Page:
Here we look at some of the wider issues that projects and agencies told us were important to delivering services that meet the needs of young fathers. Adopting a carefully planned approach is crucial. This is especially true if we are to move on from isolated, bolt-on ‘father work’ to ‘father inclusive work’ where working with young dads becomes ‘everyone’s business’ and part of mainstream operations. Key issues that emerged were: consulting young fathers, working with other organisations to deliver a multi-agency approach and evaluating the work.
Consulting young fathers: getting services right
Consultation with young fathers (perhaps through interviews, discussion groups or participation) is an essential way to help build understanding of an issue and identify opportunities for further work. A Young Father’s Project (Mordaunt, 2005) found that many young fathers tend not to respond readily to services that impose a particular content and/or style of delivery. Instead, projects need to ‘identify the needs of their clients at the outset, and then regularly review them to improve and develop the service’. This can be a bit of a chicken-and-egg situation here: impose a style and content delivery first and then consult, or consult first and then develop services? Probably it’s a bit of both.
Our research tells us that either of these two ways of working can be effective. The most important factor to increase the chance of successful outcomes is that consultation does take place, and that practitioners work hard to consider how best they can meet the individual needs of young men. Here are some examples:
- YMCA in Luton ran a large-scale consultation event with African-Caribbean young fathers to discover what support African-Caribbean young fathers needed before, during, and after pregnancy in order to shape the focus of future work. YMCA used a number of methods (including questionnaires and interviews) to find out about young fathers’ experiences, including feelings about the medical aspects of pregnancy, the attitudes of the respective families (both fathers’ and mothers’), and the levels of contact the fathers had with their children.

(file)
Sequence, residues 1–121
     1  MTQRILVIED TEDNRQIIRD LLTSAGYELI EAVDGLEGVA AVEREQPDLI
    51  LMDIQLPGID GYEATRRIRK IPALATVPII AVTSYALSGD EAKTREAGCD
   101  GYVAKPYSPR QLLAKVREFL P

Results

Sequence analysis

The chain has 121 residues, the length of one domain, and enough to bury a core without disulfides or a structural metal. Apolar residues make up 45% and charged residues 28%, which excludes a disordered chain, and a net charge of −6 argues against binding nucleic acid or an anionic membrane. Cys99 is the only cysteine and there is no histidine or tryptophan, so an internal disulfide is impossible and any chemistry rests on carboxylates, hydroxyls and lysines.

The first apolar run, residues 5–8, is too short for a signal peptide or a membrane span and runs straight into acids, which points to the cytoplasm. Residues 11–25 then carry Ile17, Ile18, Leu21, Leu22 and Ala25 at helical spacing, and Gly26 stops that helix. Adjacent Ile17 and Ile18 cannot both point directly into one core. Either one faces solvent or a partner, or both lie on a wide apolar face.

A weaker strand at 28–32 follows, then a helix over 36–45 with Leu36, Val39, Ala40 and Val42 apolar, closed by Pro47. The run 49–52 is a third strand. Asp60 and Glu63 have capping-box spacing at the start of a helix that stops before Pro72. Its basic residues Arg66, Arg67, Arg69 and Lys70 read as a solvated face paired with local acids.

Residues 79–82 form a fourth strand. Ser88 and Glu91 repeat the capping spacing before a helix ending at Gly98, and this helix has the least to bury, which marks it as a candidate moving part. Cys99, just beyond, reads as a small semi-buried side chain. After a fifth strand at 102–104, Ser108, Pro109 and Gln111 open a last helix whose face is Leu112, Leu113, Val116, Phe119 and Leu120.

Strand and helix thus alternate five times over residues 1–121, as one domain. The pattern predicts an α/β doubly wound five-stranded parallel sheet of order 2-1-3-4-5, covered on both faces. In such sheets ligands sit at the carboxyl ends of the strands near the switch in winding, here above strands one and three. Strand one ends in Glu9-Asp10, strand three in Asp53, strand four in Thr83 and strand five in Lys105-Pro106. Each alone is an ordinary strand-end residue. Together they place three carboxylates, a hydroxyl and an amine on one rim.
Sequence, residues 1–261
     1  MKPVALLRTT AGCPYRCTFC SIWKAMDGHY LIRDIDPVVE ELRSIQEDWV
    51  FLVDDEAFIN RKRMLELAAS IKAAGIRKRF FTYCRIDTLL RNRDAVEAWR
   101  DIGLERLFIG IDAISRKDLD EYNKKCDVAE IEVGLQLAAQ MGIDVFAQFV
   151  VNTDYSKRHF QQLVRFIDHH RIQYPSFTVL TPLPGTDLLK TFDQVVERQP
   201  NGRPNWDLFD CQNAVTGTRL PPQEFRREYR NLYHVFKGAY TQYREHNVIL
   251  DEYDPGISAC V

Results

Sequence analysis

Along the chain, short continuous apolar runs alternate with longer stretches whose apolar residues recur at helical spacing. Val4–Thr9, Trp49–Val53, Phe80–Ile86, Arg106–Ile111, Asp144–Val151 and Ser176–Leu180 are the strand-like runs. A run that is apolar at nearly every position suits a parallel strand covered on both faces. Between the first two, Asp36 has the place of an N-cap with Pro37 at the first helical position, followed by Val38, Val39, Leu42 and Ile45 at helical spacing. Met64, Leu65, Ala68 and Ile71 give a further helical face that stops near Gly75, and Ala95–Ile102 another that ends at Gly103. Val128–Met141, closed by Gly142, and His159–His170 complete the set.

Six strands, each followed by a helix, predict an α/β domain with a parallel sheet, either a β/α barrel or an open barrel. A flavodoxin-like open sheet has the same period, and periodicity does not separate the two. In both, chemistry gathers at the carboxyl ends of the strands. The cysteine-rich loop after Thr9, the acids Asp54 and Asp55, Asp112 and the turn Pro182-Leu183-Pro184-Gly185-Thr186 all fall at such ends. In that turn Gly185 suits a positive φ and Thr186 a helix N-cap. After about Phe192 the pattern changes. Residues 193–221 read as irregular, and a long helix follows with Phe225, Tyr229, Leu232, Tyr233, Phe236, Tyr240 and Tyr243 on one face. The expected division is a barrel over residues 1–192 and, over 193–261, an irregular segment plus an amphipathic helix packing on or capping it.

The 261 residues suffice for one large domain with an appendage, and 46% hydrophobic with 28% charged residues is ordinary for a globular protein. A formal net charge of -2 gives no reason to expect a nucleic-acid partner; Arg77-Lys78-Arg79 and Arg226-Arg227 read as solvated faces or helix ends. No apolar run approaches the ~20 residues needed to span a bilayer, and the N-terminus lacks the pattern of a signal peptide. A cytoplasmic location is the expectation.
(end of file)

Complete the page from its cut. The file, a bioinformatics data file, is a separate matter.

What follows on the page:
- Merton Teenage Pregnancy Partnership used findings from their consultation to create a drama project designed to stimulate further discussion about improving support for young fathers – Merton Teenage Pregnancy Partnership Report.
Working with other organisations
Building a network of positive contacts and relationships with other professionals is a key factor in the success of work with young fathers. These relationships can smooth the way to their accessing other services. Some agencies are sceptical about the benefits of working with young fathers, or conceptualise the work in solely negative ways (focusing only on domestic violence, for example). Networking can help to challenge such perceptions and stereotypes.
Evaluating the work
All of the projects and agencies we spoke to said they regularly reflected upon their work in some way. Some projects such as Base 25, DVD, M.A.P and Fathers Plus had commissioned more formal independent evaluations. What was clear was that many projects and services do not differentiate explicitly between monitoring and evaluation. These are important distinctions. As more father inclusive work develops, it will be crucial for projects and agencies to carry out such work in order to develop a strong evidence base to enable the work to move beyond ‘promising’ to ‘what works’.
This article was written for the Young Fathers Network site developed and maintained (2007-11) by Young People in Focus (YPF – Registered charity No: 800223). YPF has now ceased operating and has given this article to the Fatherhood Institute.
Tags: Young fathers